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1929 Ford Tri-Motor takes First Coast fliers back in time
The Florida Times-Union
March 16, 2012
It looks like a corrugated tin shed with wings as it lumbers off the runway at Herlong Recreational Airport, its 9-cylinder engines roaring as the silver and blue airplane claws skyward at a stately 80 mph.
The Experimental Aircraft Association's 1929 Ford Tri-Motor is one of 199 made by the same folks who built the Model T and Taurus — and basically ushered in modern airline travel.
Those interested can get a hint of what it was like to fly commercial 70 years ago, as the association offers rides in what was once nicknamed the Tin Goose. With five big windows per corrugated side showing Jacksonville from 2,000 feet, it's a trip back in time, said pilot Colin Soucy. His day job is commercial airliner pilot.
"It allows people to enjoy and be exposed to the olden days of aviation," Soucy said. "This was the way aviation was in the '20s and '30s. ..." He said that in museums there are eight or nine of these planes that can fly, "but people don't get to touch them. People look at them across a fence."
Flying in the 1920s was often in an open cockpit in a fabric-skinned biplane, so being able to ride inside an aluminum skin in relative comfort was cutting edge, said Bob Casey, curator at The Henry Ford Museum in Dearborn, Mich.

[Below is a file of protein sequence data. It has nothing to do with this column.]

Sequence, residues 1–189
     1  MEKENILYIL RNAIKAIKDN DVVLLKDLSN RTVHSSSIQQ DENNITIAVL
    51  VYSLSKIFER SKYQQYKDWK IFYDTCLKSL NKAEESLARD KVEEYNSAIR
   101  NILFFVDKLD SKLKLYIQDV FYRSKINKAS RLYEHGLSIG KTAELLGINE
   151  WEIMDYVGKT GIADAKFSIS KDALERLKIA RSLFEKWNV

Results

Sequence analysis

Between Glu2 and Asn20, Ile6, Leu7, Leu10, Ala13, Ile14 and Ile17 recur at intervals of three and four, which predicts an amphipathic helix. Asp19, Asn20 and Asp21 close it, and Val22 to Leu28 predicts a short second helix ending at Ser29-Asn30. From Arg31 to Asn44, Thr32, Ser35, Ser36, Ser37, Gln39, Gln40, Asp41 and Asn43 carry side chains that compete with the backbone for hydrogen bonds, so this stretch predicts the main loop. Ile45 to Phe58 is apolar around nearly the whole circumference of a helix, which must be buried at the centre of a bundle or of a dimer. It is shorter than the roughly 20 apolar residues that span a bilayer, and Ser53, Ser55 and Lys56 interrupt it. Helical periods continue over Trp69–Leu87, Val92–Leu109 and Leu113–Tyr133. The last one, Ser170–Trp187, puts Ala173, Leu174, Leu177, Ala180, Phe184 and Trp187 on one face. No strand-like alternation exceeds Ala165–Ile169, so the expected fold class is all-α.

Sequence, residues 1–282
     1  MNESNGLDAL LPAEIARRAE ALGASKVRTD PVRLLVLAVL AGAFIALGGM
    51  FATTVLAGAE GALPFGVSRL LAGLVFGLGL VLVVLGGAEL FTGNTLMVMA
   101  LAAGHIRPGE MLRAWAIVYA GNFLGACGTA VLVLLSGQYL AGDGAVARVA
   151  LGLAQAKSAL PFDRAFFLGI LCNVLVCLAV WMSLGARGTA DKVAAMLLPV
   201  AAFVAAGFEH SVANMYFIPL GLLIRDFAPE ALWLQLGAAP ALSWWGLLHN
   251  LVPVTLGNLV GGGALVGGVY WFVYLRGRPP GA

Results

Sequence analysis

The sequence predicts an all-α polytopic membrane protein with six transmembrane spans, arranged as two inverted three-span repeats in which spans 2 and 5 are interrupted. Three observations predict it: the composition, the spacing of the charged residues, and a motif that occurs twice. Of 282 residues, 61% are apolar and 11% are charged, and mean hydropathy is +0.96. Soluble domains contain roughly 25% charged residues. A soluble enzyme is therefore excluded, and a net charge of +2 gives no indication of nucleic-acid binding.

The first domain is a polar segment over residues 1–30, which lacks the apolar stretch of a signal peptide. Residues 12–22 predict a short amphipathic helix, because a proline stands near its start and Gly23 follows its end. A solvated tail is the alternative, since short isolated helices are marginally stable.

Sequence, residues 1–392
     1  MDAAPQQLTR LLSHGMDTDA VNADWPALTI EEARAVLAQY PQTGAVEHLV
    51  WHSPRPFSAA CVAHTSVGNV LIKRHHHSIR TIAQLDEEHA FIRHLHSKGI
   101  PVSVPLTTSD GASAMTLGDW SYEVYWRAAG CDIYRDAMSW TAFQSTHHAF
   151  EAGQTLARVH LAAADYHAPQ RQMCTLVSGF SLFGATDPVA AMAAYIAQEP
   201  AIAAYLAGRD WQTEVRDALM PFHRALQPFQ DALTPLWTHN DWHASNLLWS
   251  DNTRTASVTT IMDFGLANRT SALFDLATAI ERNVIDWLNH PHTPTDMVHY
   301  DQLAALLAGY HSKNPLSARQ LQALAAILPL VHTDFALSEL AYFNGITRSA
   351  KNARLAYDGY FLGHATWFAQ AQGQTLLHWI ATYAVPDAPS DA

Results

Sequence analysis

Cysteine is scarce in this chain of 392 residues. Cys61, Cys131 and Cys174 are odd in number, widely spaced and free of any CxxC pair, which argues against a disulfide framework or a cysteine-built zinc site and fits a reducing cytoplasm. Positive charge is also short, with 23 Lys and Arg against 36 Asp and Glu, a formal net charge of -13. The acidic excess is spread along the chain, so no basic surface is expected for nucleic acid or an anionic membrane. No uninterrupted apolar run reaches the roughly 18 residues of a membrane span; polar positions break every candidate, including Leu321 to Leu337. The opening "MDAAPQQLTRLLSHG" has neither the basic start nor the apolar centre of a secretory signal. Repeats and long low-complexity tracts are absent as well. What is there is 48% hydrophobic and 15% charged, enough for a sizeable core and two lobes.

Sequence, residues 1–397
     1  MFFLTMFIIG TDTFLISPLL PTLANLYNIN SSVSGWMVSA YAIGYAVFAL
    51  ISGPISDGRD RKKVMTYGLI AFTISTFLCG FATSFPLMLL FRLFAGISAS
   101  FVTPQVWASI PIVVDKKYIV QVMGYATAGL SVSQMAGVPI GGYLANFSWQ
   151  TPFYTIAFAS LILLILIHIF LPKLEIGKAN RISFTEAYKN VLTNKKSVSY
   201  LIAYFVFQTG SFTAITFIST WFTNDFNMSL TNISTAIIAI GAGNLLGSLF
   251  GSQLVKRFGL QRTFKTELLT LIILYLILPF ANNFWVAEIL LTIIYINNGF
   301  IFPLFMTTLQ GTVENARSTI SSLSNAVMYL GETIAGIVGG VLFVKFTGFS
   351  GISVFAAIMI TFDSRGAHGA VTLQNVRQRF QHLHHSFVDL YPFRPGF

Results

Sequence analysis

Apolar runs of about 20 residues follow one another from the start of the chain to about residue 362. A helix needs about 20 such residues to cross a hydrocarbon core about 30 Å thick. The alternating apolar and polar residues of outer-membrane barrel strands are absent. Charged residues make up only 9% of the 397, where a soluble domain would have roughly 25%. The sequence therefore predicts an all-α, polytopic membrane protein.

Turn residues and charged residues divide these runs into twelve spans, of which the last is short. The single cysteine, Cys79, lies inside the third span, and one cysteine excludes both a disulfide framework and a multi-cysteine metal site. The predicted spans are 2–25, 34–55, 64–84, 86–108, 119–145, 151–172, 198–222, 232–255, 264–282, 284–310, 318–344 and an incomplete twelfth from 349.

"It was an all-metal airplane, and this in a period when airplanes were often made of steel tubing with fabric stretched over it," Casey said.
Tri-Motors were built by automobile magnate Henry Ford in a factory at his Dearborn airport between 1926 and 1933. The $42,000 aircraft's enclosed cabin had nine padded seats under varnished wood panels with Art Deco accents, reading lamps and a ventilation system.
The pilots are in a cockpit at the leading edge of a 74-foot-wide wing, visible by passengers since there is no cockpit door.
The association's Tri-Motor was used by Eastern Air Transport, Cubana Airlines in Cuba and the Dominican Republic. It flew in barnstorming air shows, crop dusted and fought forest fires. A storm damaged it in 1973, and the association bought and restored it. Now it flies air shows and events like this weekend's, helping celebrate Herlong's 10th anniversary under Jacksonville Aviation Authority management.
In a world of sleek jet airliners, the Tri-Motor is flying slower than some cars it went over Thursday above Interstate 10. Soucy joked that it's like flying a dump truck but still fun.
"It is the essence of aviation, and we are trying to build more support for the chapter and grow general aviation in the Jacksonville area," said co-pilot Elvis Golden, vice president of the association's Jacksonville chapter.
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